A Brief Explanation for 'Bevis'
Updated: Dec 2, 2018
‘Bevis’ Oil on canvas 48" by 36" October 2018
The subject of the painting is Charlie Bevis, a close friend of mine. The primary image I worked from was taken just before he went travelling to South America this summer. The closeup perspective we see Charlie in when looking at ‘Bevis’ is similar to the way I saw him whilst he was travelling: on a phone screen. It’s interesting how we can talk to someone on Snapchat or FaceTime and feel so close in proximity to them, despite being so far away from each other geographically. This concept is reflected in the cold colours I chose for my palette - white, blue and magenta. The cool temperature of the portrait makes Charlie sink back into the canvas, therefore creating a distance between him and the viewer.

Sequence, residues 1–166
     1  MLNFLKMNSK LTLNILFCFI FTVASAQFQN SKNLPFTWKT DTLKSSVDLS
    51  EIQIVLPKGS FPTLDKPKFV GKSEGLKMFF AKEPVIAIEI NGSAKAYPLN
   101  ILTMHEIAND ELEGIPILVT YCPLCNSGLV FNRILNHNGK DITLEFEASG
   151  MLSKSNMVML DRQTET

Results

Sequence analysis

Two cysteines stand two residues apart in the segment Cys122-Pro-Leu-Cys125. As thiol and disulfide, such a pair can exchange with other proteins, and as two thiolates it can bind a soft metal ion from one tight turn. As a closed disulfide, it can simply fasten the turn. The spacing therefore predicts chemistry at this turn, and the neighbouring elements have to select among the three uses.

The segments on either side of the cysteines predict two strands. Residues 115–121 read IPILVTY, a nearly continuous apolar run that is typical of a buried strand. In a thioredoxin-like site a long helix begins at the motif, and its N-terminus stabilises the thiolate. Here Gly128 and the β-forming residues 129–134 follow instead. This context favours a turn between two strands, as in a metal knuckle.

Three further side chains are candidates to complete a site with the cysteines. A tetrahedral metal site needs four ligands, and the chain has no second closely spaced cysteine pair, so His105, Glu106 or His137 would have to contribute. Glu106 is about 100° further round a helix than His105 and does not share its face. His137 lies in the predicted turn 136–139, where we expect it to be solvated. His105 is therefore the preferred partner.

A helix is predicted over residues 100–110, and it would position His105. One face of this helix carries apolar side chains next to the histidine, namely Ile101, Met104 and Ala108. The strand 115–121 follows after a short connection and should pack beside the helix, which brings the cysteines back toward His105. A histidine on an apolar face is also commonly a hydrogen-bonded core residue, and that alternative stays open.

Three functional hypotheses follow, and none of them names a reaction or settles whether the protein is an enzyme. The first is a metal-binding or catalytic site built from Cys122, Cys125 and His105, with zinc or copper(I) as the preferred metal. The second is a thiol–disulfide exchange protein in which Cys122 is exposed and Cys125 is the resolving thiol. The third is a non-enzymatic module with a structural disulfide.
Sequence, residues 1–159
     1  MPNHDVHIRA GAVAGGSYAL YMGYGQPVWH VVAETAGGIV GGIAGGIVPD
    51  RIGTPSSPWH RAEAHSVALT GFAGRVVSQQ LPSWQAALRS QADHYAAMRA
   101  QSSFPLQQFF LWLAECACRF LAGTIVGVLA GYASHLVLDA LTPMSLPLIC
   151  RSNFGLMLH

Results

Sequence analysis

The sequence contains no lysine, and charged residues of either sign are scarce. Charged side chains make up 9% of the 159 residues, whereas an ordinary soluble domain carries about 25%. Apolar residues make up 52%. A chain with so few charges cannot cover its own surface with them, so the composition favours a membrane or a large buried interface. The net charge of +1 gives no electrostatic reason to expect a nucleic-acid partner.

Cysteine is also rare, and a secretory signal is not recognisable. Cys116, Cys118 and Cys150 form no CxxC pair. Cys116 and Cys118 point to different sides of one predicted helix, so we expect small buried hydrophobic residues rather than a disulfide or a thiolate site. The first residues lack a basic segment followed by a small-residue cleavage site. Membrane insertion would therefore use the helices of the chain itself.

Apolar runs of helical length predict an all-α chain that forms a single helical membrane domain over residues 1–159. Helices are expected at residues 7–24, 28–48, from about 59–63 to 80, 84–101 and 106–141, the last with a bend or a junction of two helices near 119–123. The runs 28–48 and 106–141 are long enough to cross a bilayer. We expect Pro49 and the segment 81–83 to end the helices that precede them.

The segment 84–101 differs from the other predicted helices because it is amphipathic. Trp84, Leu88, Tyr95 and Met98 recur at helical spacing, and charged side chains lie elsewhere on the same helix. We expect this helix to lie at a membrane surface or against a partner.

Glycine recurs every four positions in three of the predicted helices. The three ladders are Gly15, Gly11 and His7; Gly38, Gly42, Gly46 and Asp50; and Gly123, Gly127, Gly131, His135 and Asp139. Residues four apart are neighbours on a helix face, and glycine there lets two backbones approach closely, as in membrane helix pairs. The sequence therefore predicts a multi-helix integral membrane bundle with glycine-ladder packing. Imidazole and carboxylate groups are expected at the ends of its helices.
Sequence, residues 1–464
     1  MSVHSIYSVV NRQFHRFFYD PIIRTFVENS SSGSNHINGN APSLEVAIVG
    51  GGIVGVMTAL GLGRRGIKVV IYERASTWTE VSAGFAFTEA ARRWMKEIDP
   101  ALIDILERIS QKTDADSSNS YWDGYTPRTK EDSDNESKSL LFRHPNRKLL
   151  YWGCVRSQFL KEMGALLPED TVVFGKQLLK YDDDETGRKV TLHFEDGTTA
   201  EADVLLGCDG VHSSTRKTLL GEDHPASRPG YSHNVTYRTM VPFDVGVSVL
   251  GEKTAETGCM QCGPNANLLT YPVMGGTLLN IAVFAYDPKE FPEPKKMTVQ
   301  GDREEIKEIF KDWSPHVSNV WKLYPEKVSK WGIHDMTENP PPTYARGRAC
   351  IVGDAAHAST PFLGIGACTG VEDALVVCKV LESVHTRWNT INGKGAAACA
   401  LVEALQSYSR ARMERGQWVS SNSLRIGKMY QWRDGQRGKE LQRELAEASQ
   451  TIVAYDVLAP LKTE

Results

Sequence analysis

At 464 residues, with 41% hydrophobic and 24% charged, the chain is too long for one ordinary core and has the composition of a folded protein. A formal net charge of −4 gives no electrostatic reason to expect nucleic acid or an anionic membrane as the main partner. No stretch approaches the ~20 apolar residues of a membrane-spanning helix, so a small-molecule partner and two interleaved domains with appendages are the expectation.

In ‘Bevis’, I chose not to paint some areas of the face in order to direct the viewer’s attention to more important parts of the piece. The focal point is the subject’s eyes, so they are what I rendered with the most detail. The rest of the face transitions away from intricate detail to expressive brushstrokes - a technique that I first explored in ‘Remote III’. This time, I used larger brushstrokes and made bolder gestures. To prevent them from overpowering the piece, I had to think carefully about how the movement of these marks describes the contours of the subject’s face, and how the colour of each fits in with its surroundings.